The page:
Battle of Arlabán (1811)
|Battle of Arlabán (1811)|
|Part of the Peninsular War|
|Commanders and leaders|
|Colonel Laffitte (POW)||Francisco Espoz y Mina|
|Casualties and losses|
700–1,000 killed or wounded|
The Battle of Arlabán, also known as the First Surprise of Arlabán, took place at the heights of Arlabán, the mountain pass that separates the Basque provinces of Guipúzcoa and Álava, on 25 May 1811, during the Peninsular War.
At eight o'clock in the morning, a Spanish guerrilla force numbering between 3,000 and 4,500 men, led by Francisco Espoz y Mina, ambushed and captured the central part of a convoy made up of 150 wagons and 1,050 prisoners, escorted by 1,600 French troops led by Colonel Laffitte and spread out over 5 km. Seven hours later, the French finally surrendered. The Spanish captured a variety of supplies and weapons (the convoy was valued at 4 million reales), and 1,042 British, Portuguese and Spanish prisoners were released. The convoy became known as the convoy de los Ingleses because most of the prisoners were British.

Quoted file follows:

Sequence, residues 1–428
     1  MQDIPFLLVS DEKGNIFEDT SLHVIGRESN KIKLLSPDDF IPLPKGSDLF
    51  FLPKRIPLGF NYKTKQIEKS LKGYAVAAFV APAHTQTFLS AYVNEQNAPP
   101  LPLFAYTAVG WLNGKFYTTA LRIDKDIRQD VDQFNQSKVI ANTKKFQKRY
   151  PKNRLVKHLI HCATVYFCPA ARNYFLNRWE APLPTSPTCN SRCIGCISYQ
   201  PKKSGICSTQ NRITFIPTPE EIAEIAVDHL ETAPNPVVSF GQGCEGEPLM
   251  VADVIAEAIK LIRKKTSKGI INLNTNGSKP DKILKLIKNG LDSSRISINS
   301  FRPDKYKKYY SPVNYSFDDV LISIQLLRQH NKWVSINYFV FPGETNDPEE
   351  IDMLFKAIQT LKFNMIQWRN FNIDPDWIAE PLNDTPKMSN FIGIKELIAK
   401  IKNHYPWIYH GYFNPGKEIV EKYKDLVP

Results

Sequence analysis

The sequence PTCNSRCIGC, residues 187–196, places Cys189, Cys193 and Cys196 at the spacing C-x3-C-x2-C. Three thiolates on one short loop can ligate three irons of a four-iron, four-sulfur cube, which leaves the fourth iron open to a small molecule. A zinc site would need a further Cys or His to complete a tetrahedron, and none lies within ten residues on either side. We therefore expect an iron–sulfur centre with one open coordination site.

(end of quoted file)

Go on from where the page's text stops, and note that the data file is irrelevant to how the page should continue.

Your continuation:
Aided by local guerrilla groups that knew the terrain well, Espoz y Mina had positioned his guerrilleros on both sides of the pass, on the route to France, some 20 km north of Vitoria, at four o'clock in the morning.
This was the last action that Espoz y Mina led as a guerrilla leader in Navarre. On 5 June, his forces, the División de Navarra, were integrated into the regular Army of Spain, but he would continue to lead his troops into battle against the French, including at the Second Surprise of Arlabán, on 9 April 1812.
- Esdaile, Charles J. The Spanish Army in the Peninsular War. Manchester University Press, 1988. ISBN 0-7190-2538-9.
- Fraser, Ronald. Napoleon's Cursed War: Spanish Popular Resistance in the Peninsular War 1808-1814. Brooklyn Verso, 2008. ISBN 978-1-84467-082-6